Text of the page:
Economy  
comments_image Comments

Does America Face the Risk of a Fascist Backlash?

The Right's ability to capitalize on people's sense of grievance must not be underestimated.
 
 
Share
 
 
 
 

In early 1919, Germany put in place a new government to begin rebuilding the country after its crushing defeat in World War I. But the right-wing forces that had led the country into the War and lost the War conspired even before it was over to destroy the new government, the "Weimar Republic." They succeeded.

The U.S. faces a similar "Weimar Moment." The devastating collapse of the economy after eight years of Republican rule has left the leadership, policies, and ideology of the right utterly discredited. But, as was the case with Germany in 1919, Republicans do not intend to allow the new government to succeed. They will do everything they can to undermine it. If they are successful, the U.S. may yet go the way of Weimar Germany.

World War I left Germany utterly devastated. The landed aristocrats, industrial magnates, wealthy financiers, weapons makers, and the officer corps of the military that formed the locus of right wing power were completely discredited. Their failure in provoking and prosecuting the War was catastrophic, undeniable, and complete.

The economy was destroyed. Prices were at 800% of pre-war levels and rising quickly. Agriculture, pillaged for the War, lay in ruins. Social insurance payments for the War's injured, to widows and orphans, and newly unemployed soldiers were astronomical. And all this was before the cost of rebuilding was even begun.

At the same time, Germany faced massive reparations payments to the Allied victors, France and England. But Germany's foreign properties had been confiscated and its colonies turned over to the victors. The combination of these conditions, both domestic and international, made it extraordinarily difficult for the German economy to recover.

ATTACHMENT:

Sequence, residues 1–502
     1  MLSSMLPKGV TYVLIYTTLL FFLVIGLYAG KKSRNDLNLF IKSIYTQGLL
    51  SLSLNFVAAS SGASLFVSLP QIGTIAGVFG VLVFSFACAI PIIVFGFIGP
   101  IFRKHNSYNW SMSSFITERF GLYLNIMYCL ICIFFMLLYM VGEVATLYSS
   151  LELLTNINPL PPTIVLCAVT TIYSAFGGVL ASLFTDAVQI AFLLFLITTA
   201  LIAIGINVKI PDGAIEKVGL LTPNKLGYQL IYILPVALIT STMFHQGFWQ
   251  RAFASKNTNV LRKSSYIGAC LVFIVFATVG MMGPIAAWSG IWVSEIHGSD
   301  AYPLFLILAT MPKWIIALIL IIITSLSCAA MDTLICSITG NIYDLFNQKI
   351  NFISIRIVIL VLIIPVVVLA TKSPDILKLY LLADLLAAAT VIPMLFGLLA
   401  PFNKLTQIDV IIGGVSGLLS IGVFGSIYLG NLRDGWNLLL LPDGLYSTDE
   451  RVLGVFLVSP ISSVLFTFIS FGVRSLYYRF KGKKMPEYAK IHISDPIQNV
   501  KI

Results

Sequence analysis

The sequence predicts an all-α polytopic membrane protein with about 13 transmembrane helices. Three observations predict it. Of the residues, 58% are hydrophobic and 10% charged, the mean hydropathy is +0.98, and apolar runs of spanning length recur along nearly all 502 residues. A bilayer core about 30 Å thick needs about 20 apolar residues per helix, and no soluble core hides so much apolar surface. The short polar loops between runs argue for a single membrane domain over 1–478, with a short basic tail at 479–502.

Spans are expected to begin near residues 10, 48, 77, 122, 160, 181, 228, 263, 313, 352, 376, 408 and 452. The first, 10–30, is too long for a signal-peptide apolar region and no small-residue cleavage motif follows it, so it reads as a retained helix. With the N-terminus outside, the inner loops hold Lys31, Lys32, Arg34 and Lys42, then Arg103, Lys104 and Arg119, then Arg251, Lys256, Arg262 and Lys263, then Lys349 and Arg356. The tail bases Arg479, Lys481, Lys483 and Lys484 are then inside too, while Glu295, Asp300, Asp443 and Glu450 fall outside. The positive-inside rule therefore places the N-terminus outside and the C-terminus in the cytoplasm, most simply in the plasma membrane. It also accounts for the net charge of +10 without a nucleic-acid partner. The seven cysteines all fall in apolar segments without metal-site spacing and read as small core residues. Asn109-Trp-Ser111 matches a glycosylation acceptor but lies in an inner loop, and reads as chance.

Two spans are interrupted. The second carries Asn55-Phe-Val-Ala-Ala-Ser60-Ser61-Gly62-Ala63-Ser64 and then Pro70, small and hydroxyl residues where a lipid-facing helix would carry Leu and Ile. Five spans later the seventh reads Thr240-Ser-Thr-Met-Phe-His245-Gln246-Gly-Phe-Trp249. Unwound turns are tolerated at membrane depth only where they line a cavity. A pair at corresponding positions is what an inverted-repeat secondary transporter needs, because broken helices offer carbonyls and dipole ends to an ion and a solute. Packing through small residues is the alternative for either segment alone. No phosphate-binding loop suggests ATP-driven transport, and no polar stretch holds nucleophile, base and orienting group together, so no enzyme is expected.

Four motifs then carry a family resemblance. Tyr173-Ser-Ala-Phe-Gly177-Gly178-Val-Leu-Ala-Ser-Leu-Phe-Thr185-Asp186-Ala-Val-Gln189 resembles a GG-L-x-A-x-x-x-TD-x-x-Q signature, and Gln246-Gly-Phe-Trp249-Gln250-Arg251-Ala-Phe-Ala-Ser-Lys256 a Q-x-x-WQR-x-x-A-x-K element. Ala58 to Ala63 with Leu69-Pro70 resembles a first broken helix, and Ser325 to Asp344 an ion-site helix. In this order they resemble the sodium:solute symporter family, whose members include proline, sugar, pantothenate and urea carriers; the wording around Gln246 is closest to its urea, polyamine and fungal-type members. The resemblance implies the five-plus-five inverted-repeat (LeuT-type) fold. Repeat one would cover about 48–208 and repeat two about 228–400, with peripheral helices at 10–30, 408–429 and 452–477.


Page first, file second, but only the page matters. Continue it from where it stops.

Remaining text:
As a result of the failure of the right, the German people elected a moderately leftist government to lead the nation's rebuilding. It was named the Weimar Republic for the city in which the new post-imperial constitution was written. The new government was led by Friedrich Ebert, head of the German Socialist Party.

But the country's new parliamentary system had allowed dozens of parties to run, making it impossible for any one party to win an outright majority. Ebert's party had achieved the highest portion of votes, 38%, in the first post-War elections, held in January 1919. Ebert would have to govern by coalition.

It was at this time that the right wing made its crucial decision. Despite its shocking, naked failure over the prior decade, despite the horrific devastation it had wrought on the German people, despite the discrediting of everything they had purported to stand for, they would fight Ebert, his new government, and its plans for recovery. They would do everything they could to make sure that the new government failed.

Their strategy was two-fold: first, stoke the resentment of the population about the calamitous state of its living conditions-no matter that those conditions had been created by the very right-wing oligarchs who now pretended to befriend the little guy. Rage is rage. It is glandular and unseeing. Once catalyzed it is easy to turn on any subject.

And stoking resentment was easy to do. Just before the War ended, the military concocted its most sensational lie: the German army hadn't actually been defeated. It had been "stabbed in the back" by communists, traitors, and Jews. It was an easy lie to sell. It entwined an attack on an alien political ideology -- liberalism -- with the latent, pervasive myth of German racial superiority.

The second strategy of the right was to prevent the new government from succeeding. To begin with, success of the left would conspicuously advertise the failure of the right. Moreover, success by the left would legitimize republican government, so hated by the oligarchs of the right. Much better for the people to be ruled by the self-aggrandizing right-wing autocracy that had governed Germany for centuries.

 
See more stories tagged with: